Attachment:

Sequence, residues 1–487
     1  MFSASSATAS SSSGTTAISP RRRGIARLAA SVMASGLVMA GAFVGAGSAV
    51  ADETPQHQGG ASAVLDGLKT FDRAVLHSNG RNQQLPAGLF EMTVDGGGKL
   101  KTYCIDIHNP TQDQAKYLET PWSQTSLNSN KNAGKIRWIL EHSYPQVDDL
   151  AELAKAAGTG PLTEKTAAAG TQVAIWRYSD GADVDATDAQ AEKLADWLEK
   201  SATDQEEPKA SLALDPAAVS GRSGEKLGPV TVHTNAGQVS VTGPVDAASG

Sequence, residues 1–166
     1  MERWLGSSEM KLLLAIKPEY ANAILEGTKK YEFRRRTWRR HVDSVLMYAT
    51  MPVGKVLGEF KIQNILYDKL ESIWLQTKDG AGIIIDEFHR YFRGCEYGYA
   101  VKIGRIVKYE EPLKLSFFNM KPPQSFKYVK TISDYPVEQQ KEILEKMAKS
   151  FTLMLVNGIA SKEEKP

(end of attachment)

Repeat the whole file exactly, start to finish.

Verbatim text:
Sequence, residues 1–487
     1  MFSASSATAS SSSGTTAISP RRRGIARLAA SVMASGLVMA GAFVGAGSAV
    51  ADETPQHQGG ASAVLDGLKT FDRAVLHSNG RNQQLPAGLF EMTVDGGGKL
   101  KTYCIDIHNP TQDQAKYLET PWSQTSLNSN KNAGKIRWIL EHSYPQVDDL
   151  AELAKAAGTG PLTEKTAAAG TQVAIWRYSD GADVDATDAQ AEKLADWLEK
   201  SATDQEEPKA SLALDPAAVS GRSGEKLGPV TVHTNAGQVS VTGPVDAASG

Sequence, residues 1–166
     1  MERWLGSSEM KLLLAIKPEY ANAILEGTKK YEFRRRTWRR HVDSVLMYAT
    51  MPVGKVLGEF KIQNILYDKL ESIWLQTKDG AGIIIDEFHR YFRGCEYGYA
   101  VKIGRIVKYE EPLKLSFFNM KPPQSFKYVK TISDYPVEQQ KEILEKMAKS
   151  FTLMLVNGIA SKEEKP